We are on familiar ground so far. But what about the intimation that rule-of-law values counsel against the citizen suit? Here, Justice Scalia adds a fillip of his own. For the more standard ploy is to refer the would-be citizen plaintiff to the political process: In the familiar argument, a generalized grievance is by definition more appropriately the subject of democratic politics. But his is not the standard argument. Rather, Justice Scalia invokes the separation of powers concern of such cases as Simon v. Eastern Kentucky Welfare Rights Organization21 and Allen v. Wright22 that the Executive Branch must be allowed its prosecutorial discretion. He cannot rest there, however, because the point of the Clean Water Act's citizen-suit provision is that Congress (remember Congress?) has affirmatively decided that official enforcement should be supplemented by citizen-initiated suits. Accordingly, Justice Scalia revives a notion he first floated in Lujan: that standing doctrine's concrete injury requirement is equally a matter of Article II's command that the President "take Care that the Laws be faithfully executed."23 "By permitting citizens to pursue civil [*pg 159] penalties payable to the Federal Treasury," Justice Scalia observes in Laidlaw, "the Act . . . turns over to private citizens the function of enforcing the law."24
With this contention, the separation of powers argument has taken a new turn. In cases such as Simon, Allen v. Wright, and Lujan the question of standing is a question whether citizens can invoke the powers of the Court to intrude on Executive decision-making with respect to how the law should be enforced. The related concern is that the courts will become "continuing monitors of the wisdom and soundness of Executive action."25 Here, in contrast, no such concerns are at stake. The courts are not being asked to second-guess any Executive decision; they are being asked only to enforce a statute's proscription on primary behavior. The Justice Department, moreover, retains supervisory authority over the suit -- including the power to take over the suit and to review any settlement.26
But, if the separation of powers argument has taken a new turn, it is one in which rule-of-law and democratic values ostensibly cohere. For in arguing that Article II grants the Executive the exclusive power of law enforcement, Justice Scalia is also arguing that the enforcement of the law should be subject to democratic governance. His complaint is that citizen suits go forward "without meaningful public control."27 An exclusive power to enforce the law, in contrast, places that power in Executive officials accountable to the electorate.28 This [*pg 160] argument may appear sound, but there are some problems. The first problem is that the Article II argument does not escape the historical objection: The same informer actions and public mandamus cases that give the lie to the Court's Article III jurisprudence also refute the claim that the Framers intended to give the President sole and conclusive authority over the enforcement of the laws.29 Within two months of assuming their roles as members of the first Congress, the Framers passed a customs house informer statute.30 A few months later, they provided for federal jurisdiction over informer suits in the Judiciary Act of 1789.31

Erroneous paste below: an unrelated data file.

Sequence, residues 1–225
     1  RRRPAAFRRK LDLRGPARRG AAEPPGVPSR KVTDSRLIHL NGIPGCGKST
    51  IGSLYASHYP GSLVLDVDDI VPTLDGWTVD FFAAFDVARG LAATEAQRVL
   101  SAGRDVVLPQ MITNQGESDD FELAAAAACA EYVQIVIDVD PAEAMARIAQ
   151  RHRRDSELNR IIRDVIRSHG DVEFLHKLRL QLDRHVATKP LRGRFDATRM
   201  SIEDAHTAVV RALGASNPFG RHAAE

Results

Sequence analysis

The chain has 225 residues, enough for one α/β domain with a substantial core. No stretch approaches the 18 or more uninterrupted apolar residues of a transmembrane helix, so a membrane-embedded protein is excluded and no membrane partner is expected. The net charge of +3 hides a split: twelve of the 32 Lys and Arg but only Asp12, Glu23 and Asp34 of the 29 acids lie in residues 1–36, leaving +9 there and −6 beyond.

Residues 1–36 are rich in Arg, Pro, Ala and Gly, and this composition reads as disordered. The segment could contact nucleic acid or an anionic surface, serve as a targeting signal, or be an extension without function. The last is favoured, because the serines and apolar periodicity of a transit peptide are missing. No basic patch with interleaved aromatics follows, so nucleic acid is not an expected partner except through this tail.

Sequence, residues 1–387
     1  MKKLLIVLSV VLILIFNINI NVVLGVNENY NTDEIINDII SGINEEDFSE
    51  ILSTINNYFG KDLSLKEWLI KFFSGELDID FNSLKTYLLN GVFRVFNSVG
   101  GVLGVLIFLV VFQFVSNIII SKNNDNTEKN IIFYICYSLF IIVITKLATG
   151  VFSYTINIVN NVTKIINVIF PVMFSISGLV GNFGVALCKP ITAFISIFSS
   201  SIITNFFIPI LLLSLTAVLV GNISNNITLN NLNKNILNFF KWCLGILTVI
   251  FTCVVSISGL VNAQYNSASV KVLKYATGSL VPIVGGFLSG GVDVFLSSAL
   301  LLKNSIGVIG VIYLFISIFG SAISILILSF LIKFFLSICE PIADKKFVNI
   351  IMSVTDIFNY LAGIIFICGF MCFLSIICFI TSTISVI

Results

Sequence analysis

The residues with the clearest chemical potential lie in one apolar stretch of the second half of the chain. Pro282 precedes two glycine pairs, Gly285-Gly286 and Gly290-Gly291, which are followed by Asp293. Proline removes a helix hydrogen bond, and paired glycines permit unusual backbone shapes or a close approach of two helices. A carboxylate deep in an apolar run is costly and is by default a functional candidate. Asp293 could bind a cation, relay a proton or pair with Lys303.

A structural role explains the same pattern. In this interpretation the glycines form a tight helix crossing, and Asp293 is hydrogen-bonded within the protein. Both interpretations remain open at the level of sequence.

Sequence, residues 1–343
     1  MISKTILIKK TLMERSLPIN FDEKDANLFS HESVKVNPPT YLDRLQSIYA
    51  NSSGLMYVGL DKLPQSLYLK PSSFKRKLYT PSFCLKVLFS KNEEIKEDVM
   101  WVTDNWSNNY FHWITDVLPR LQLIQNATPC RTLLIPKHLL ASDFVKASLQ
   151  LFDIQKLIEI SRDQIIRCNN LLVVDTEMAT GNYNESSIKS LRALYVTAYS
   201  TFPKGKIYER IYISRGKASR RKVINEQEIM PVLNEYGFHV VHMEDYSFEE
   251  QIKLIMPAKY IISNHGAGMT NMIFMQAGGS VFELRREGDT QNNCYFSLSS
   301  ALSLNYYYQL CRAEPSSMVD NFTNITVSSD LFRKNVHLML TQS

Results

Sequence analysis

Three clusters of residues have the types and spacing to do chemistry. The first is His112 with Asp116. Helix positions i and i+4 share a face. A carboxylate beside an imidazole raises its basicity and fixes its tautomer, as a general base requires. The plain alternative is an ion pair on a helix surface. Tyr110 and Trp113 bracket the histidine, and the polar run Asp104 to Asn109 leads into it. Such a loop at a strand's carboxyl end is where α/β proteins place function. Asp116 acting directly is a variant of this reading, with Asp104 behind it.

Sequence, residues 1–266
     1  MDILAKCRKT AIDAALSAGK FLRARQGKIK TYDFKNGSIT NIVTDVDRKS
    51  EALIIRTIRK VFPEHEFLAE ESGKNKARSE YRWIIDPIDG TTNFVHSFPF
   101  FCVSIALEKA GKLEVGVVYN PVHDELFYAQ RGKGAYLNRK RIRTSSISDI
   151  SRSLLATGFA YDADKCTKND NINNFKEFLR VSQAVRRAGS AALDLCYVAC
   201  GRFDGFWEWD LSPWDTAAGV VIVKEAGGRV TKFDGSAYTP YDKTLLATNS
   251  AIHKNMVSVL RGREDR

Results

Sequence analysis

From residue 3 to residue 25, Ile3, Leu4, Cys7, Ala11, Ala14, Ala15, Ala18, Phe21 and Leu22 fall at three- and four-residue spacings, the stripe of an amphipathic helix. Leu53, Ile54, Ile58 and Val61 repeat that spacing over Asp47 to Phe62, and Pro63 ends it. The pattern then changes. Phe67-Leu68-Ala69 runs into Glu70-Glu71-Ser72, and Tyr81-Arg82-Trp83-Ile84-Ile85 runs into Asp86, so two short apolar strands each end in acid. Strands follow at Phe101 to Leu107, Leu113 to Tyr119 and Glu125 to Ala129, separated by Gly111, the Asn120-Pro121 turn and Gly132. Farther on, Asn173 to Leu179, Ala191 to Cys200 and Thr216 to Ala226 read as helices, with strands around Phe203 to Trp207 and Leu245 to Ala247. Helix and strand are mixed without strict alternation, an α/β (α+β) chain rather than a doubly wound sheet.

The second problem is that the argument ignores some powerful instrumental reasons for employing citizen suits as a supplementary mechanism of enforcement. For one thing, there is the problem of limited resources: Neither the Justice Department nor the EPA has the wherewithal to monitor every discharge from every plant in the United States.32 For another, there is the problem of capture so fa- [*pg 161] miliar from the administrative law and rational choice literature.33 Indeed, Laidlaw itself provides a nice illustration: The company asked the South Carolina Department of Health and Environmental Control to file a suit against it in order to bar the citizen suit that had already been threatened.34 The company's lawyer then drafted the Department's complaint, and the company paid the Department's filing fee.35 Just one day before the citizen suit could be filed, the Department and the company settled the enforcement suit for a paltry $100,000 in civil penalties.36
There is, however, a more fundamental problem with the Article II argument -- one that derives directly from the rule-of-law ideal itself. Ours is "a government of laws, and not of men."37 But, what does that mean? The conventional understanding of the rule-of-law ideal focuses principally on constraints on official decision-making. A government of laws is one in which official action is governed by preexisting legal rules of sufficient clarity and generality that they are capable of precluding the arbitrary whim of individuals or the brute impositions of power. Thus, the rule-of-law ideal is closely entwined with law's traditional tendency toward formalism. This, for example, is the view promoted in Justice Scalia's well-known article The Rule of Law as a Law of Rules,38 which insists that standards, totality of circumstances, and multi-factor balancing tests are not "'law,' properly [*pg 162] speaking."39 Second, and relatedly, the rule-of-law ideal insists that no one be above the law; even the highest officials are subject to legal strictures.40 Third (and this is the more general principle of which the previous is a corollary), the rule-of-law ideal maintains that every person is governed by the same law without regard to status or person: "Equal justice under law" -- that is, one law for rich and poor, black and white, gentleman and commoner alike.